Being able to agree to disagree is a lost hope

April 13, 2004|By Susan Reimer

THEY SAY you should never talk religion or politics with strangers. I should have listened.

In the past month, I've written about Mel Gibson's The Passion of the Christ and a grassroots organization of mothers who oppose the re-election of President Bush. The reaction to both columns has been so angry and venomous that I want to crawl back into bed and pull the covers over my head.

We have a saying in the newspaper business to comfort ourselves in times like these, and it goes something like this: For every angry person who writes or calls, there are 10 happy people who don't. Happy readers just go about their business, while angry readers are angry enough to do something.

I have drawn little comfort from this newsroom maxim these past weeks, because the angry people do not just disagree with me.

They have wished me harm. And wished my children harm, too.

They have ridiculed my appearance, my marriage and my presumed lack of religious faith.

I've been told I am not entitled to an opinion on matters of national security or war and that I should go back to "baking cookies and driving carpools" and leave these matters "to the men we elected."

And, though I have a son at a military academy, I have been told that I am no patriot because I would not willingly send him to war as so many women did during World War II and Vietnam.

There were a few reasoned letters and phone calls from readers. One in particular made me think for a long time that perhaps my view of President Bush's sliding popularity might be colored by the points of view of the women I hang out with.

But most of those who wrote or called went straight for the gut.

After I wrote that The Passion of the Christ was so relentlessly violent that I couldn't recommend it for adults, let alone children, so many people wrote to say they were praying for my soul that I felt my feet leave the ground.

I welcome any prayers on my behalf, but not the accompanying assumption that I am a "godless [expletive]."

(I had 12 years of perfect attendance in Sunday school, and I have the decorative pins to prove it. And if it isn't me getting my family out of bed and into church on Sunday morning, I'd like to know who that woman is.)

After I wrote that the president should fear this expanding group of mothers who oppose him, because these are multitasking women who are used to getting things done, angry readers wrote to say they felt sorry for my children because they were being raised by such a liberal mother.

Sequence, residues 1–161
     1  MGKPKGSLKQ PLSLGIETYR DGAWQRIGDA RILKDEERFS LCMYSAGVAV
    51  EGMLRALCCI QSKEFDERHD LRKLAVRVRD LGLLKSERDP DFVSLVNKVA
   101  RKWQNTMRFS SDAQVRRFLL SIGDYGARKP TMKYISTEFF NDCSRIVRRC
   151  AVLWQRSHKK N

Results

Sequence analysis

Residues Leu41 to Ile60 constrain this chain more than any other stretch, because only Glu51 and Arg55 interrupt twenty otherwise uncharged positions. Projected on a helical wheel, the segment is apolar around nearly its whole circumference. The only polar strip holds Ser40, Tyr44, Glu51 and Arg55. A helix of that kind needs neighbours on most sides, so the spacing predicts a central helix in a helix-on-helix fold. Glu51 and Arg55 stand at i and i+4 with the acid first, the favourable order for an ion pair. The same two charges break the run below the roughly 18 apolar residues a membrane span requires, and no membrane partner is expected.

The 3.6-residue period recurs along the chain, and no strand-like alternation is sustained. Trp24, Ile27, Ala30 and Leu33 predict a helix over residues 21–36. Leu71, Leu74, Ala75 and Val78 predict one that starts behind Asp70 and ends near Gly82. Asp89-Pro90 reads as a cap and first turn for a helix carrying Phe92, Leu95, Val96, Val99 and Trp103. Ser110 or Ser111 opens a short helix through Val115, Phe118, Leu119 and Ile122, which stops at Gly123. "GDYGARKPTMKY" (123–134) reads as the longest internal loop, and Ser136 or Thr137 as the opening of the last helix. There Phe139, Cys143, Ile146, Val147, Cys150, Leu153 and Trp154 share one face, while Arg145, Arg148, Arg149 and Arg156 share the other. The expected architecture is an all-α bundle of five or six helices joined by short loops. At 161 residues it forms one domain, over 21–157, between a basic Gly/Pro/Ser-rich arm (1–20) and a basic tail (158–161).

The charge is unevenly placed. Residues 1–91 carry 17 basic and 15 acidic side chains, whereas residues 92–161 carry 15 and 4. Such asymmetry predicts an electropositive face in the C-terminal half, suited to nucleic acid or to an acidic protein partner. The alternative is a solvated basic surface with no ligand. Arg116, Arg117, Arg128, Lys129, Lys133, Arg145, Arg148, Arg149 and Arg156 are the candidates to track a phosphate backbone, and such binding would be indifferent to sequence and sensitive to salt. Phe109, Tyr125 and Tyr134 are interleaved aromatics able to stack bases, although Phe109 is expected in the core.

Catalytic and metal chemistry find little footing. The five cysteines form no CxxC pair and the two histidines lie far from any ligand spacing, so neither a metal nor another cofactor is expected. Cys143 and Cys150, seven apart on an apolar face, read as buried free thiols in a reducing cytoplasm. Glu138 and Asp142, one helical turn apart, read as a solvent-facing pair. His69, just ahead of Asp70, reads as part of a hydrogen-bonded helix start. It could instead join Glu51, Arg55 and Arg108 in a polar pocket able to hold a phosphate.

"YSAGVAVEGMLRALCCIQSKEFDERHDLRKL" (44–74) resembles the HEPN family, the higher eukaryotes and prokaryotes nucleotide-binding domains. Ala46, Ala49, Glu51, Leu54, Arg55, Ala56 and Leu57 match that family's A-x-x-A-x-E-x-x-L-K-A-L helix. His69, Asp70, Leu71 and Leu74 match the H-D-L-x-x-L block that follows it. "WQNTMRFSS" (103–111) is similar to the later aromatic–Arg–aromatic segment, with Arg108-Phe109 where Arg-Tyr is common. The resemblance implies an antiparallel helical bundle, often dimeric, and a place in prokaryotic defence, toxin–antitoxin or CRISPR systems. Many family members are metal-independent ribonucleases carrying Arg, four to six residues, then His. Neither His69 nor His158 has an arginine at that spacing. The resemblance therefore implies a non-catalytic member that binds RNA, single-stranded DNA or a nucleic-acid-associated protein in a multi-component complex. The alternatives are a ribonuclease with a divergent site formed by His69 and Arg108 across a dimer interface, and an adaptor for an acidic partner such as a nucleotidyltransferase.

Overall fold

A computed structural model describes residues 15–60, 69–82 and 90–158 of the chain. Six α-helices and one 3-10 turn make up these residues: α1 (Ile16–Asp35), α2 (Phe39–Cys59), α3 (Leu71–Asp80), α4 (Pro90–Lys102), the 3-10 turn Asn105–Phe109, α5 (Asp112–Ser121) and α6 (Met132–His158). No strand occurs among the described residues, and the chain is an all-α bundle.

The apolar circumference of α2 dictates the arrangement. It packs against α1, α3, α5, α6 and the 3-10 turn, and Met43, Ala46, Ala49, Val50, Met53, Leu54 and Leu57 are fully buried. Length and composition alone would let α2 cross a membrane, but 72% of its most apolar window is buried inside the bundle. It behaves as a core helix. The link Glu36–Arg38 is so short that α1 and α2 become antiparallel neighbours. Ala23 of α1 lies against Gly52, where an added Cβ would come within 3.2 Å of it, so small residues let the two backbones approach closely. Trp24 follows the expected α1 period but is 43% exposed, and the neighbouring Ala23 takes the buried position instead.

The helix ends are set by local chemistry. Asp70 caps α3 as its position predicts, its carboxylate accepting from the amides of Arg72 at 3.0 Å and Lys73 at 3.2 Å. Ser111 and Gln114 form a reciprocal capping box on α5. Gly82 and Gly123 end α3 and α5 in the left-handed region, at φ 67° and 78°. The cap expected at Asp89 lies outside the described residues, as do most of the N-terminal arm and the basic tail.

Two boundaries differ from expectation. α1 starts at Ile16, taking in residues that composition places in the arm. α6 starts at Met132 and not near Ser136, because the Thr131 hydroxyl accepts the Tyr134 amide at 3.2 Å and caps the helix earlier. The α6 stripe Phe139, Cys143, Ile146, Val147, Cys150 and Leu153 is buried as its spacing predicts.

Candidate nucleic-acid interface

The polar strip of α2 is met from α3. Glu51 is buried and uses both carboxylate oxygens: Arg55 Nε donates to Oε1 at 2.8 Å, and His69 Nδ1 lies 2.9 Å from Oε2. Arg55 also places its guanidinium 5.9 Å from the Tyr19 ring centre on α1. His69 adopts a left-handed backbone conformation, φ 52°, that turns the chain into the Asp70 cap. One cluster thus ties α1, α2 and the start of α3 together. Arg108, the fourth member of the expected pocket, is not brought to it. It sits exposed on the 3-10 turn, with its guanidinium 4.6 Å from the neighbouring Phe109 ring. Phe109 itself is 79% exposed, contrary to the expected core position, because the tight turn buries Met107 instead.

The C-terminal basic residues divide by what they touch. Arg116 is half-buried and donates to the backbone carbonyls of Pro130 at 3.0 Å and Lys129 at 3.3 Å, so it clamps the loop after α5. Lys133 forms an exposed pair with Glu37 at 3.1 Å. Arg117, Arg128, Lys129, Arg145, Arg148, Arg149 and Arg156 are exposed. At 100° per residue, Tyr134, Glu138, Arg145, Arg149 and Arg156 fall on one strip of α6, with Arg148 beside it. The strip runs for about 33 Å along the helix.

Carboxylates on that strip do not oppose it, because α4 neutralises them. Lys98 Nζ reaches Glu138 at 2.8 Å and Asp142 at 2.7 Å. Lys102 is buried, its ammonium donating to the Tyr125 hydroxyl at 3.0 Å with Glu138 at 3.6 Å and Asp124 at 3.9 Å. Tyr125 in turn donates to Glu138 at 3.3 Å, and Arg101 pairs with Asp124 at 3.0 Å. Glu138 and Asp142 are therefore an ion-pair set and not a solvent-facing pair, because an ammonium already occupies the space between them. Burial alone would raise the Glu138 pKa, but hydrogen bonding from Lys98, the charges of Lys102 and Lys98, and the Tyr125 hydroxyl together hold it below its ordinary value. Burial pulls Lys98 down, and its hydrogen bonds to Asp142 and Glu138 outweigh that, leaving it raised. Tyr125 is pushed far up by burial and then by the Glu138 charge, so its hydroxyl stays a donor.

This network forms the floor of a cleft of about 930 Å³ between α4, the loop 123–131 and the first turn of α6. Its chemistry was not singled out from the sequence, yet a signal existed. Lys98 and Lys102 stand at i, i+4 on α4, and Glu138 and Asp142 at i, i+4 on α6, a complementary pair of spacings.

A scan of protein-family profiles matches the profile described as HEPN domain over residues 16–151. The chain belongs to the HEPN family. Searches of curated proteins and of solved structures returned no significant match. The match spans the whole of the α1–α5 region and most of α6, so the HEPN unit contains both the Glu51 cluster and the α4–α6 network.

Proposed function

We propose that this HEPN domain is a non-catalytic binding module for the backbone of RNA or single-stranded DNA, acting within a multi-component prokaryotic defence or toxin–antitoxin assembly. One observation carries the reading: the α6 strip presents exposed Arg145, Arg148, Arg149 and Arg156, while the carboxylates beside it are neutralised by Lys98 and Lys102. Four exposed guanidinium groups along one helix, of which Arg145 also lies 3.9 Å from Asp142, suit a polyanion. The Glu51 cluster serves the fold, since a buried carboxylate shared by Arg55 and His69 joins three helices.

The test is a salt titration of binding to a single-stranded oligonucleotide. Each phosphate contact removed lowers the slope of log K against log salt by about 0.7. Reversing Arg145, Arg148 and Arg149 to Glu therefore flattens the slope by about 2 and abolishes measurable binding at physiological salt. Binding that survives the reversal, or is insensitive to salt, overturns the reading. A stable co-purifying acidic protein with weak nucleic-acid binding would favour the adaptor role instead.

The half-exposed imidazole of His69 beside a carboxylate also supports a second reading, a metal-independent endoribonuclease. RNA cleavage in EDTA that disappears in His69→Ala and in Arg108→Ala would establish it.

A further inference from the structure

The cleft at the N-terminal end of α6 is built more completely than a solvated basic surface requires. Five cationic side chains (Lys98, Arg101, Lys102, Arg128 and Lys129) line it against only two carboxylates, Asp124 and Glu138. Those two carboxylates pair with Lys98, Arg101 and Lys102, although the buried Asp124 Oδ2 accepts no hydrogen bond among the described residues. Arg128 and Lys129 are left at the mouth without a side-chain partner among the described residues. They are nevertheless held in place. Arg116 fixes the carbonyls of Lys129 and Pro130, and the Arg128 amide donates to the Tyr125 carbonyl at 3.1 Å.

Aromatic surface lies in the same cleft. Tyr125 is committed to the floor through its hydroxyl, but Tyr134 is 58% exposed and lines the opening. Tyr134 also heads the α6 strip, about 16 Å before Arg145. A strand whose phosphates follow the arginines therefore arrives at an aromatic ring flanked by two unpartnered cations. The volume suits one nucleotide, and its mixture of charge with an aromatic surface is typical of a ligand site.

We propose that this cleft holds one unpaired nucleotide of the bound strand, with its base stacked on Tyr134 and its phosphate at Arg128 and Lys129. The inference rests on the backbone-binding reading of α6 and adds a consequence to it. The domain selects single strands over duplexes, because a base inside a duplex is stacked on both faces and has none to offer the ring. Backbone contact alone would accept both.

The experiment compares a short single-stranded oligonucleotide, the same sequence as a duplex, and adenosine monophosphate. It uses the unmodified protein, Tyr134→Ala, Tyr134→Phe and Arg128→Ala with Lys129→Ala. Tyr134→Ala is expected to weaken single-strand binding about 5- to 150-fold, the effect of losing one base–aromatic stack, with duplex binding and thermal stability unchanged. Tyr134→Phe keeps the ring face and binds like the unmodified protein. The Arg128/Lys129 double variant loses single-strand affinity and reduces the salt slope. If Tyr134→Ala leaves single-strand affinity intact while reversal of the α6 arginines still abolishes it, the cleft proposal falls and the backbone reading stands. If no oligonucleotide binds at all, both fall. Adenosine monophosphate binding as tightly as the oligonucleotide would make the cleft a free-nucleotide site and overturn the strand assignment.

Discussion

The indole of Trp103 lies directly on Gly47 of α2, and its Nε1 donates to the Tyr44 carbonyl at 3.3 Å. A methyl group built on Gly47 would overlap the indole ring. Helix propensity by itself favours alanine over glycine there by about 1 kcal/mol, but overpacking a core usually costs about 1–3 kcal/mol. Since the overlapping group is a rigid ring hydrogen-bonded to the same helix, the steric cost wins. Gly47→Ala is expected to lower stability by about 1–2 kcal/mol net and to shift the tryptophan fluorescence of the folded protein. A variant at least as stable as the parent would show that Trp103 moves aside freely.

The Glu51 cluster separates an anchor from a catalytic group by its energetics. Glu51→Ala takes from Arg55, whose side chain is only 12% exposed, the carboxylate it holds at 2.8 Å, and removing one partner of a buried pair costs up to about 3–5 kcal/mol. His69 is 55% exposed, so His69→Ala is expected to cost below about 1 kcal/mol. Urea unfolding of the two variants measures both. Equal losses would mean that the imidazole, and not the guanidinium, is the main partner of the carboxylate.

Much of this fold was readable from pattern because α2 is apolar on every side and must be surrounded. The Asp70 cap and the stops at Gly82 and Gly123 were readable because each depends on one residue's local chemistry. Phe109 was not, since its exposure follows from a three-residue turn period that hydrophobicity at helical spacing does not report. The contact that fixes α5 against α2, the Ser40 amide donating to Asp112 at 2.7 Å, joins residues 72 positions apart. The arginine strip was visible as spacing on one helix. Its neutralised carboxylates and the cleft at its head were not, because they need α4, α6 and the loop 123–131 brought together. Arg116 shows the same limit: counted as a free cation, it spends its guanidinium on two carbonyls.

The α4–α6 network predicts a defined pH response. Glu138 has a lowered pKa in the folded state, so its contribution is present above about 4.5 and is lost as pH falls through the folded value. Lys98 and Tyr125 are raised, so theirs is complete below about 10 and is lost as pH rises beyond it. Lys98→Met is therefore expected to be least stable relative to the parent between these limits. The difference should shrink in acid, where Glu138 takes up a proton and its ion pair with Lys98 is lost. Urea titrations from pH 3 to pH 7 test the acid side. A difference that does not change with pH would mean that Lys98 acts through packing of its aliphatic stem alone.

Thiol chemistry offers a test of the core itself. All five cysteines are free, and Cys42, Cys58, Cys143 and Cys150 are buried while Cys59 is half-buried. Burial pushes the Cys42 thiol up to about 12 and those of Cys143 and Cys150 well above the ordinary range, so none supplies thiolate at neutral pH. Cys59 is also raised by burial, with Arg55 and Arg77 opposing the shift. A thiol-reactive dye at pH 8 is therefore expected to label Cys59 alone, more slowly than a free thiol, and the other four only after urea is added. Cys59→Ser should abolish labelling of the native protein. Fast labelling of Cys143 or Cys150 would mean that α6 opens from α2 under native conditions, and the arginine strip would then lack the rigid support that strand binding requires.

(This is a common theme in letters from readers. My children, I'm sure, feel sorry enough for themselves, but perhaps I should put together a support group for them from among these readers.)

I thought I had learned to take this kind of criticism in stride. But when one reader wrote, after the column on The Passion, that Hitler was wrong about a lot of things, but he wasn't wrong about the Jews, I grew alarmed.

And when, after the column on Mothers Opposing Bush, a male caller left a virulent, two-minute voicemail threatening my daughter, I felt sick.

These people are out there, gentle reader. These are your neighbors or your friends or the people next to you in the grocery store check-out line. People so angry - why, I am not sure - that "agreeing to disagree" is a lost hope.

We no longer can speak reasonably to each other on topics about which there is bound to be disagreement. We don't counter an argument, we raise the stakes by breaking out every weapon in an arsenal of venom and personal attack. We go straight to nuclear retaliation.

I suppose I could safely retreat to writing amusing domestic anecdotes or gentle-toned poems about gardening, but I believe that readers of this column, many of them women, care about more than just the price of eggs.

Cookie baking and car pooling notwithstanding, we, too, have a stake in the future of this country and that stake is our children - including the two everybody is so busy feeling sorry for.

Because it is an election year, political passions are running high. The war in Iraq has compounded this acrimony. But I believe Laura Bush is just as sick at heart about the deaths of those American boys as I am, even if she has no sons to risk.

Have we learned nothing from those who find our politics and our religion so hateful that they are willing to die a martyr's death for the chance to kill as many of us as they can?

I humbly suggest that we all dial it back a notch. Let us give free speech a rest and resolve to go to church on Sunday and vote in November. And to love our neighbors in the meantime.

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